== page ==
South Africa


Motorists hit with R2.43 per litre petrol hike from Wednesday — but it could have been worse

Motorists hit with R2.43 per litre petrol hike from Wednesday — but it could have been worse
A fuel pump at a service station in Cape Town, South Africa. New fuel prices are set to come into effect from 1 June 2022. (Photo: Gallo Images/Misha Jordaan)

Despite warnings over the harm an increase in fuel prices could do to consumers, it came as no surprise when, on Tuesday afternoon, the government announced an increase in the cost of petrol and diesel. However, there was no increase in the general fuel levy.

The Department of Mineral Resources and Energy confirmed on Tuesday that new fuel prices would come into effect on Wednesday 1 June. 

The past few days have seen concerns being raised over a fuel price increase that would see already cash-strapped consumers being hit even harder. 

According to a statement released by the department on Tuesday afternoon, the average price of Brent crude oil had increased from $104.78 to $115. 

The department said the main contributing factors were the increasing demand amid the summer driving season in the northern hemisphere and the European Union’s discussions on possible sanctions on crude oil and petroleum products from Russia. 

The department said the fuel price increases – effective from midnight –  for June 2022 would be: 

  • R2.43 for 93 ULP and LRP petrol.
  • R2.33 for 95 ULP and LRP petrol.
  • R1.10 for diesel (0.05% sulphur).
  • R1.07 for diesel (0.005% sulphur).
  • R1.56 for illuminating paraffin.

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Before the announcement, Mineral Resources and Energy Minister Gwede Mantashe and his finance counterpart, Enoch Godongwana, announced an additional extension on the temporary reduction in the general fuel levy of R1.50. This is the second temporary reduction since the first implementation for April to May. 

Godongwana had submitted a letter to the Speaker of the National Assembly requesting the tabling of a two-month proposal for the extension of the reduction in the general fuel levy. 

“This will take the form of a continuation of the relief of R1.50 per litre for the first month, from 1 June 2022 to 6 July 2022, and then a downward adjustment to the relief for the second month, to 75c per litre from 7 July 2022 to 2 August 2022,” the joint statement from the two ministers read.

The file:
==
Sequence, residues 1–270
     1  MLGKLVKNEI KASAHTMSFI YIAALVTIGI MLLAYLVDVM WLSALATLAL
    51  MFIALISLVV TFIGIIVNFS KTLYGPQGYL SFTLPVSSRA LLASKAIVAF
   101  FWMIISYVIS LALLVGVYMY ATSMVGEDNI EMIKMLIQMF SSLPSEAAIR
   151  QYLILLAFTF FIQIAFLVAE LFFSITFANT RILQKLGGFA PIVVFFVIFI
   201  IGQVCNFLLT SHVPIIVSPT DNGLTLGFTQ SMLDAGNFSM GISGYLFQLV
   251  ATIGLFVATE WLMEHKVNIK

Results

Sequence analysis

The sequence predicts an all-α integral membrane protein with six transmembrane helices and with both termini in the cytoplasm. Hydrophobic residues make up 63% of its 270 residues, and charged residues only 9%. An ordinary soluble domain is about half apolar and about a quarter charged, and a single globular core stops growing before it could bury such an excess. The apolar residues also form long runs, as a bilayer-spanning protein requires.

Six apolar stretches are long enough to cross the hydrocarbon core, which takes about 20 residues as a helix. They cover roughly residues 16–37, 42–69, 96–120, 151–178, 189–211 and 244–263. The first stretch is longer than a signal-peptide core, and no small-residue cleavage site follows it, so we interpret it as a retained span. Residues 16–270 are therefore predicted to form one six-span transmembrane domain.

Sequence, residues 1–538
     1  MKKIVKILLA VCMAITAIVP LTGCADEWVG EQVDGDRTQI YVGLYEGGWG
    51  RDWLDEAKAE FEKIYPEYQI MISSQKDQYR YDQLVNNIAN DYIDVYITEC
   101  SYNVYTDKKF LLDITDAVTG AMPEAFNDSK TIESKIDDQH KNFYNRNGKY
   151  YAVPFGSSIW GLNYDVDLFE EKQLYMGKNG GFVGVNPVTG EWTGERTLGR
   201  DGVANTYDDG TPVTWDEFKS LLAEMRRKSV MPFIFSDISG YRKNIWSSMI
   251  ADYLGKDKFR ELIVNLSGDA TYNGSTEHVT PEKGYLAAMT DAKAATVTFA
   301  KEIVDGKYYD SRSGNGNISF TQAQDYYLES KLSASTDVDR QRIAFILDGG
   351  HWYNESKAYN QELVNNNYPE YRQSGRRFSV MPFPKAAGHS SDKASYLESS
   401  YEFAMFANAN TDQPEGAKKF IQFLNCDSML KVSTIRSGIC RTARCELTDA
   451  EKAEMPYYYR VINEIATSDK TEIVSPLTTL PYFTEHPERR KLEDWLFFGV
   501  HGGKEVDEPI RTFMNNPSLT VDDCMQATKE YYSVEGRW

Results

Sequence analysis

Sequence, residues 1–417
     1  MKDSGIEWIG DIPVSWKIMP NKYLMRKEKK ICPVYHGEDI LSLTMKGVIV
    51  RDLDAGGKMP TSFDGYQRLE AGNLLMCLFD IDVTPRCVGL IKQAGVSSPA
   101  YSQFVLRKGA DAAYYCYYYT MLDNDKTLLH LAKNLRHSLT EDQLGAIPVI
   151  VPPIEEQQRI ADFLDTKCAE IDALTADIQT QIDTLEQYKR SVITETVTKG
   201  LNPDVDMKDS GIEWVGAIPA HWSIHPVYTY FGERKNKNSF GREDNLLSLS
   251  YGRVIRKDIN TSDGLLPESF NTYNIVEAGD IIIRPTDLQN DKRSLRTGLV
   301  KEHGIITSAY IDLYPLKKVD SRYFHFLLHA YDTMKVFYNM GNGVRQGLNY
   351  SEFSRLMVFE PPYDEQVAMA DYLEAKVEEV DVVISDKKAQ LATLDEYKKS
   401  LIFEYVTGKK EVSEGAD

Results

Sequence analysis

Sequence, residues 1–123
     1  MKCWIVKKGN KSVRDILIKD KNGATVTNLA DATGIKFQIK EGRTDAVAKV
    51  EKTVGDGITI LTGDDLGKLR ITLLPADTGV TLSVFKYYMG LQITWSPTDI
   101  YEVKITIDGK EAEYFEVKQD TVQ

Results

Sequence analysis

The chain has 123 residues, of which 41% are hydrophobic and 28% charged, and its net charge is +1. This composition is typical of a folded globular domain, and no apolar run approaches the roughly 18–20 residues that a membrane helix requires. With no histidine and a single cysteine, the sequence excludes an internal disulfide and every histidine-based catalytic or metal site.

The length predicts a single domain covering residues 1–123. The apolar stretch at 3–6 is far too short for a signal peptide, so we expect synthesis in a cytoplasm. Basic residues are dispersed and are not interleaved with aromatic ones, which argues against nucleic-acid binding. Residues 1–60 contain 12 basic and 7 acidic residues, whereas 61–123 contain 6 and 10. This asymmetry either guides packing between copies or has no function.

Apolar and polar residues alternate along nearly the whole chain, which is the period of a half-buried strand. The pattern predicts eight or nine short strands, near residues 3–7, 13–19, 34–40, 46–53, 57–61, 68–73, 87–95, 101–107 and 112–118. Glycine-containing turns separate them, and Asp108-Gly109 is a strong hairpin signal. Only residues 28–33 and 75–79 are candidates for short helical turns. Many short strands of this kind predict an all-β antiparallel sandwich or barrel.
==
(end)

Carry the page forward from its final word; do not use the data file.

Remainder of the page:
This temporary relief will be withdrawn from 3 August. 

However, the ministers said the government would continue to monitor the impact of the Russia/Ukraine conflict and zero-Covid policies, “which continue to have an impact on energy and food prices and result in supply chain shocks, with the aim of investigating further measures to make households and businesses less vulnerable to such shocks”. 

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“Criminal”, is how the DA’s shadow minister for mineral resources and energy, Kevin Mileham, described the announcement. 

The party plans to ask Parliament for a debate on the issue of fuel price increases. They have also launched a petition and are staging pickets around the country. 

“The exorbitant new fuel price, announced a short while ago, is nothing short of criminal,” said Mileham. 

The DA has proposed solutions to the price hikes, including deregulation of fuel prices and allowing drivers to opt out of the “unnecessary” R2.18 Road Accident Fund levy. The party said the government could also extend the temporary relief on the fuel levy or scrap it entirely. 

In a joint statement released on Tuesday afternoon, Western Cape premier Alan Winde and provincial minister of mobility, Daylin Mitchell, raised their concerns over the increased fuel costs. 

“These escalating prices will make it more expensive to live, eat and travel in South Africa, and will undoubtedly hit our most vulnerable residents the hardest,” said Winde, who supported calls for the national government to scrap the general fuel levy. 

SA’s petrol price explained in five interactive graphics

Mitchell described the increase as a “big blow not only for motorists but for commuters who are already struggling to reach economic opportunities, especially in light of the failing rail system and rolling blackouts.” 

The South African National Taxi Council told Eyewitness News that the petrol price increases come at the time when the taxi industry was in annual consultations to increase their own rates. 

Last week, Golden Arrow, a bus operator in the Cape metro, announced that it would not increase its fares at this stage in order to “provide our passengers with some small sense of relief amidst all the price hikes they are facing”. 

The bus operator said it would absorb price hikes for as long as it can. 

“Fare increases will never be implemented unless completely unavoidable… potential future increases will be discussed with the Western Cape department of transport and notice will be given in advance to all affected parties,” the operator said. DM


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Comments - Please in order to comment.

  • roland rink says:

    Why is it that, to my limited knowledge, not one government official has told ordinary consumers such as you and i to save fuel? Walk, ride a bicycle, or simply stop using a motorcar! With a small amount of planning, one trip to the shops per week will suffice. Fact is, they want you to use your vehicle because they need your money (tax) to continue their business. IF we all stop buying fuel i have no doubt that the fuel price will come zooming down!
    Our real concern should be for the small farmer/business people who are going to go out of business because of this situation. They simply have little or no option but to close their doors.

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